Ocean Action Hub

12 Sep 2017 - Culminating in a high-level meeting and the approval of a Call to Action, the fourth International Marine Protected Areas Congress (IMPAC4) highlighted the relationship between the ocean and communities worldwide, and the benefits that marine protected areas (MPAs) provide to millions of people. In a series of plenary sessions, symposia, workshops and other events, participants analyzed ways to combine the management of MPAs with progress towards the UN Sustainable Development Goal on conserving and sustainably using the oceans, seas and marine resources (SDG 14).

Organized by the Government of Chile and the International Union for Conservation of Nature’s (IUCN) World Commission on Protected Areas, IMPAC4 was held from 5-8 September 2017, in La Serena – Coquimbo, Chile. A high-level meeting took place on 9 September in Valparaiso, Chile. Over 1,000 representatives from governments, international and non-governmental organizations, and local communities, as well as members of civil society and others met to discuss issues around the theme, ‘Marine Protected Areas: Bringing the people and ocean together.’ These included: MPAs and global change, including climate change and ocean acidification; MPAs and coastal communities, including empowerment of women, and development and economic growth; effective, successful management of MPAs, including sustainable development initiatives and finance for MPAs; and MPAs and shared future visions, including marine spatial planning and youth-led collaborative action.

IMPAC4 culminated in a high-level meeting, where participants approved a Call to Action that called for: ensuring appropriate financial mechanisms for MPAs; integrating climate change considerations into MPAs; and engaging with women, youth and local communities to enhance MPA creation and management.

The IMPAC4 Call to Action calls for: ensuring appropriate financial mechanisms for MPAs; integrating climate change considerations into MPAs; and engaging with women, youth and local communities to enhance MPA creation and management.

A plenary session took an in-depth look at the interrelationship between oceans and climate change. Experts emphasized that the phenomenon of global change, in addition to ocean acidification and species over-exploitation, seriously affect the conservation of marine ecosystems. They further highlighted the role of oceans in climate change mitigation, the need for urgent action to conserve oceans, and the importance of introducing a more adaptive management strategy.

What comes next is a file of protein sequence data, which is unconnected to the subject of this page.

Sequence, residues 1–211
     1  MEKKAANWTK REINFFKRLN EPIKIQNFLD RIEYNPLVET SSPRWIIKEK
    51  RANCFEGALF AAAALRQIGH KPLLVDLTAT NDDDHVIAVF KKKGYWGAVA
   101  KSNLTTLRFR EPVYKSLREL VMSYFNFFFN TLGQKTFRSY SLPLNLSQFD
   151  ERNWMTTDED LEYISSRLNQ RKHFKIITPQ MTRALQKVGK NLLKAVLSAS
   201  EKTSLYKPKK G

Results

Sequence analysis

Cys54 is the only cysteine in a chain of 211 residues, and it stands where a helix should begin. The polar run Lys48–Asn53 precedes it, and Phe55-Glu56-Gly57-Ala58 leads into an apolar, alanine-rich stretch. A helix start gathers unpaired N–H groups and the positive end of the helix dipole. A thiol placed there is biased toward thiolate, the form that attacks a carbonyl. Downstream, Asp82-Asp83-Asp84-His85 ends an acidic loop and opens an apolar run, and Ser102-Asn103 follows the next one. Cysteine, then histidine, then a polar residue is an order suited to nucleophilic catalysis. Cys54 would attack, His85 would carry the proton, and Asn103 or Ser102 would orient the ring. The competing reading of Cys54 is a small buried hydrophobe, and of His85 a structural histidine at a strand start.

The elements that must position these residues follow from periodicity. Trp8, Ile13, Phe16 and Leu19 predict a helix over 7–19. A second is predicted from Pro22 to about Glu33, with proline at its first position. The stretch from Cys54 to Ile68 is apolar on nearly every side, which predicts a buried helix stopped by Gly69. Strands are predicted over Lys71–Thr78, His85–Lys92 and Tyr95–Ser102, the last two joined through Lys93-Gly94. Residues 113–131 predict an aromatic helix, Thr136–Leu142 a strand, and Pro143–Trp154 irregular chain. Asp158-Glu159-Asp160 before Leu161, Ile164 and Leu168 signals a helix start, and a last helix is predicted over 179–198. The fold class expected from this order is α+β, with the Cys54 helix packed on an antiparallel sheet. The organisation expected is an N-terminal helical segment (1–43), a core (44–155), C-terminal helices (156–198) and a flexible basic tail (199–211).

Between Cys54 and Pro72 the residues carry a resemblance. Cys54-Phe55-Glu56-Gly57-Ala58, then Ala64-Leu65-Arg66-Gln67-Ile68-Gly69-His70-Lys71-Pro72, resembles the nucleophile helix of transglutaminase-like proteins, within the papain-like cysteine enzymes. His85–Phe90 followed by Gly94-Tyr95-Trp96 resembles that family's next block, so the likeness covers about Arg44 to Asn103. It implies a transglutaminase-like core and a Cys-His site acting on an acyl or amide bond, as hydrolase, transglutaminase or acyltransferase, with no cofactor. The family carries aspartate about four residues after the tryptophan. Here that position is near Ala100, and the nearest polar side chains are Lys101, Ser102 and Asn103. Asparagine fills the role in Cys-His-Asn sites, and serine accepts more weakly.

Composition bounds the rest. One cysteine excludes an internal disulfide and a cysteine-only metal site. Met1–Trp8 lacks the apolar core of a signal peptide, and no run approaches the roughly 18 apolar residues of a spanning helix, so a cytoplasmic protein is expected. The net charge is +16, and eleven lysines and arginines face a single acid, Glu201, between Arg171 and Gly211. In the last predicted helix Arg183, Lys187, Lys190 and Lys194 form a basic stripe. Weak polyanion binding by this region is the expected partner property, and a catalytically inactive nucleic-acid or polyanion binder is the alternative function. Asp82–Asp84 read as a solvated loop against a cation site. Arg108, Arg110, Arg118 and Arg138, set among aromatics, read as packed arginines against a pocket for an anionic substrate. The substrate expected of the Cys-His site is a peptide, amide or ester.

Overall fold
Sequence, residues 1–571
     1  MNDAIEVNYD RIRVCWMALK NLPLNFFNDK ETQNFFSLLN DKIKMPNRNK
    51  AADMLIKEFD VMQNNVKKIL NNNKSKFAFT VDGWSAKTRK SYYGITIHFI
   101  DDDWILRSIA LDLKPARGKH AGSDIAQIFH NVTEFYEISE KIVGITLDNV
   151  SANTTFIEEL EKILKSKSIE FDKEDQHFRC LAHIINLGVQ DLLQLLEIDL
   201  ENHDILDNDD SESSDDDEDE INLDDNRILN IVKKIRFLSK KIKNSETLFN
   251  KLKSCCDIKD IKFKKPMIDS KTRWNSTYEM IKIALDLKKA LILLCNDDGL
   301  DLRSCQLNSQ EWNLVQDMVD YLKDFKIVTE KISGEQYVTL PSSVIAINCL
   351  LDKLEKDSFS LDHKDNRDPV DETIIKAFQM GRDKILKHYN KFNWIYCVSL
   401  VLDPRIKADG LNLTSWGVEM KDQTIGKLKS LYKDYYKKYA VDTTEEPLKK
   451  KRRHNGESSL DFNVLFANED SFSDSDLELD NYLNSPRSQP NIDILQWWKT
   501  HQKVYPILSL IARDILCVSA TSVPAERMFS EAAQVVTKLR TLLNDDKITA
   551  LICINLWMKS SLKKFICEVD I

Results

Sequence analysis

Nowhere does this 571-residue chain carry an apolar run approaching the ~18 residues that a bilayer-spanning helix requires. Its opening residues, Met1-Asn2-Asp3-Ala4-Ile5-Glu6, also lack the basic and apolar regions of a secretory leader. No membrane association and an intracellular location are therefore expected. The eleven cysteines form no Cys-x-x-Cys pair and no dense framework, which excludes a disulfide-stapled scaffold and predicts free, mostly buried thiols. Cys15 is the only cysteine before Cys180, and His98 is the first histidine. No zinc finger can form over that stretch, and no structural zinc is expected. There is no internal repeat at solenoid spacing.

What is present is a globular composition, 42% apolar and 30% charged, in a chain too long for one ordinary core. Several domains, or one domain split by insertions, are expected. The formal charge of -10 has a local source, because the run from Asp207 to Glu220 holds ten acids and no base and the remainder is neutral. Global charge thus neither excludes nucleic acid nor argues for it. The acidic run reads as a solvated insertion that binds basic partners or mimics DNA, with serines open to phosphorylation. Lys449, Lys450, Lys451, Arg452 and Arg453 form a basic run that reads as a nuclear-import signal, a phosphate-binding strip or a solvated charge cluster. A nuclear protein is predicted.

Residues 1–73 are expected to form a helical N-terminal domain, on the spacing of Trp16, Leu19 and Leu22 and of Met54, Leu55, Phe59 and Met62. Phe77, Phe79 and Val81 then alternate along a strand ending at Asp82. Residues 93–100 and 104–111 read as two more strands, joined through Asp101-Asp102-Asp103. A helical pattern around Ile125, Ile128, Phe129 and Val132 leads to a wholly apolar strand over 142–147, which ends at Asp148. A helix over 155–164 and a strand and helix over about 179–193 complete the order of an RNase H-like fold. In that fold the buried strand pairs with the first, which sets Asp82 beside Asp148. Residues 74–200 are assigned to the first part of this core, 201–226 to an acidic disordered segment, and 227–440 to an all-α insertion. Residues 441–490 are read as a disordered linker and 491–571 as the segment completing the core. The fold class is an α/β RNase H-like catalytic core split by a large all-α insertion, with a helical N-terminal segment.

Panel discussions on MPAs and coastal communities revolved around development and economic growth, opportunities and consequences of artisanal fisheries, appreciating ecosystem services beyond their economic value and the role of MPAs in social conflicts. Participants drew attention to advances in the administration of MPAs with, and for the people, presented different management models and emphasized the importance of working with youth. Poki Tane Haoa, fisherman and representative of Rapa Nui (Chile), highlighted the recently reached agreement that creates a marine and coastal protected area of multiple use in Rapa Nui, Chile, announced on 4 September 2017 by Heraldo Muñoz, Foreign Affairs Minister of Chile. He referred to this agreement as a big step, but “it is just the beginning, as it requires a commitment to continue pushing work through consensual agreements and not impositions.”

Other discussions highlighted the importance of monitoring, adequate funding, research, the work of park rangers and strong education and awareness-raising strategies for all audiences for effective MPA management.

During the Congress, UNEP-World Conservation Monitoring Centre (WCMC) and IUCN launched the Marine Protected Planet Interactive, a platform for information on ocean protection. Through Marine Protected Planet Interactive, users can access data about the spatial location and size of protected areas. Further efforts are underway to develop standards for measuring the equity and effectiveness of protected areas management. By combining this information with other datasets, UNEP-WCMC aims to advise governments and other stakeholders on whether MPAs are representing habitats of critical importance.

In addition, IMPAC4 saw the release of the third in a series of Special Issues of the journal titled, ‘Aquatic Conservation: Marine and Freshwater Ecosystems,’ presenting the outputs and latest thinking from global MPA conferences. This edition reports from the IUCN Congress held in Hawai’i in 2016 and contains 12 papers covering topics from the development of a network of MPAs in the Russian Arctic and the development of thinking around Other Effective Area-Based Conservation Measures(OECMs) to the implications of MPAs for aquaculture and blue carbon protection and management.

CONTINUE READING: http://sdg.iisd.org/news/mpa-congress-links-people-with-oceans/

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Elsa Tsioumani